Can Psychological Factors Cause Infertility?
Sometimes infertility has no identifiable medical cause. This brings us to a different class of infertility diagnosis: when mental health may play a role in infertility.
In these cases, doctors will explain to you that there is nothing wrong with your reproductive system, but will diagnose infertility based on psychological factors. Excessive stress and anxiety can have tangible effects on your ability to conceive.
Having a psychological cause to your infertility doesn’t mean you simply need to stop “imagining it.” It’s very common for partners to experience stress when trying to get pregnant, which can then put excessive strain on their bodies and make it more difficult for the process to happen naturally. Sometimes anxiety can even encourage unconscious self-sabotaging tendencies, regardless of how much effort you’ve been putting in otherwise.
A mental health professional can help you get to the root of your feelings not just about infertility, but about pregnancy and the realities of being a parent. Are you feeling afraid of or insecure about what’s to come? These feelings can have real consequences for your attempts to get pregnant and place additional stress on your relationship.
If your fears are medical as well as psychological, combining treatments can help to reduce your infertility anxiety and increase your chances of a successful pregnancy. Support networks are available for all aspiring parents, be they doctors and fertility experts or therapists and psychiatrists.
How Can I Treat These Mental Health Issues?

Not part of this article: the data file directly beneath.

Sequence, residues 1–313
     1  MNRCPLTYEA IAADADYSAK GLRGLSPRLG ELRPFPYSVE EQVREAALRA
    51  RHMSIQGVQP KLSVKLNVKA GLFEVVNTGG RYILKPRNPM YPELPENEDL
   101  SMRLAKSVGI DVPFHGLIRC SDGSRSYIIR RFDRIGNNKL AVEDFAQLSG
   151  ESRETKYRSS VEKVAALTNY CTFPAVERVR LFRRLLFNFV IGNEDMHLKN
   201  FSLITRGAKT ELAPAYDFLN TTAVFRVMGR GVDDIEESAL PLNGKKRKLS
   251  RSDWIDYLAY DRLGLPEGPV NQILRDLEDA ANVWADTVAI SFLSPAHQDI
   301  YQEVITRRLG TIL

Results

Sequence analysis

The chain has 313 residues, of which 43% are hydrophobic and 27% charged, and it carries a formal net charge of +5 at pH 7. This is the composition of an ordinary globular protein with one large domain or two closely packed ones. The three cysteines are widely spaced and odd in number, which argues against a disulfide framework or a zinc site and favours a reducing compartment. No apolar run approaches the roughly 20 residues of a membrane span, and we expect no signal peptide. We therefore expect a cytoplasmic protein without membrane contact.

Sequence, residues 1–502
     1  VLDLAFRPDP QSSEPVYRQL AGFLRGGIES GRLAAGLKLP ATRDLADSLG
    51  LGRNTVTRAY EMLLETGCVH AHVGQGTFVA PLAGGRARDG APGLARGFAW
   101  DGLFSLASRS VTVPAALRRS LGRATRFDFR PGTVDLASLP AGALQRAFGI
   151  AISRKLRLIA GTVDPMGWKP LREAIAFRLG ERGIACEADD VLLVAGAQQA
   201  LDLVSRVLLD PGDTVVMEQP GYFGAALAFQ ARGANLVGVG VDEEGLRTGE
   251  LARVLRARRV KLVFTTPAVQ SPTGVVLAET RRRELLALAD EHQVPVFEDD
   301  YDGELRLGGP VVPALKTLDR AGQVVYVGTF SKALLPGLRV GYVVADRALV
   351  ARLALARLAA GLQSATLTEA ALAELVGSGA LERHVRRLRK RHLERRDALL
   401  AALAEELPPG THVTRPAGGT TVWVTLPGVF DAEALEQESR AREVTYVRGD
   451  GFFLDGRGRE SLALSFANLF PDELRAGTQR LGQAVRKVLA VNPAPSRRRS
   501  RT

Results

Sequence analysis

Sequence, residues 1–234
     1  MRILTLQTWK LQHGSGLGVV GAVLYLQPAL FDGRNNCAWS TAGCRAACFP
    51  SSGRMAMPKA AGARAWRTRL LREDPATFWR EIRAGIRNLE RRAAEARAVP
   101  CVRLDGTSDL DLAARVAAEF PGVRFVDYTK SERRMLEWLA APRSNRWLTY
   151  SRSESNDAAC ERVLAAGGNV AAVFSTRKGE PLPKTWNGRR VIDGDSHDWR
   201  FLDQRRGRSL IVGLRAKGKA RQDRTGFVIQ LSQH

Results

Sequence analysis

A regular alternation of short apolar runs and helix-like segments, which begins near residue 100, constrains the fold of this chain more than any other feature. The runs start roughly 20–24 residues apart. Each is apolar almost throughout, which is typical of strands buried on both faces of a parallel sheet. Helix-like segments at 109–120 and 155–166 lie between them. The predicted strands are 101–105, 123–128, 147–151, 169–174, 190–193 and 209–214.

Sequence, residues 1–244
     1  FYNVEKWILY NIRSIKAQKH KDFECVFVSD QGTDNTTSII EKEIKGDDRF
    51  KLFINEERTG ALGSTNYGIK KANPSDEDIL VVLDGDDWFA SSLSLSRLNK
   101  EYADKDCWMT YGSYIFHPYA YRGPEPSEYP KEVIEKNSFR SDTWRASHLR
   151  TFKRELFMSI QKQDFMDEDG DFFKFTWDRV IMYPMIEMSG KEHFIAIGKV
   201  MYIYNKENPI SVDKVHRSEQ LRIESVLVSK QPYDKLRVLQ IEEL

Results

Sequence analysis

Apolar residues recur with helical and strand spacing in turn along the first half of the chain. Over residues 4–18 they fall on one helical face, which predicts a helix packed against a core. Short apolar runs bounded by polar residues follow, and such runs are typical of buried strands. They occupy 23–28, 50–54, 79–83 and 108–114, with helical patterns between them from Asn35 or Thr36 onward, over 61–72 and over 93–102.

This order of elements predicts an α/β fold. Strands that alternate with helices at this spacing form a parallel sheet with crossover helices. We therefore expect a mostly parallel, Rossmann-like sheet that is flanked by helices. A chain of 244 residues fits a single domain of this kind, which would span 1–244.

Mental health professionals come in a range of different focuses and backgrounds. Some are even specially certified to help people through infertility-related depression and anxiety. From there, you have different options for your mental health treatment to consider.
Psychotherapy is a popular choice. In psychotherapy, a professional moderates interpersonal sessions meant to diagnose and treat problems in the relationship. Think of couples’ therapy, but instead of treating a dysfunctional dynamic, this treatment is meant to identify and soothe anything that may be contributing to a psychological block. You can also discuss feelings of depression, anxiety and stress related to parenthood or your infertility experience.
Certain relaxation techniques also come highly recommended, especially when it comes to relieving the strain on your body. If the link between infertility and mental health is causing you distress, relaxation can quell those feelings and improve your chances of success in spontaneous pregnancy.
FHE Health Is Here to Help
Infertility is more common than people think — and while it can be a painful, uncertain experience, you and yours can come out the other side stronger and more satisfied with your lives. It starts with contacting a mental health professional.
At FHE Health, our expert team can walk you through your first steps so you don’t have to make your infertility journey alone. Contact us 24/7 to find out more about how mental health support can help you along the way.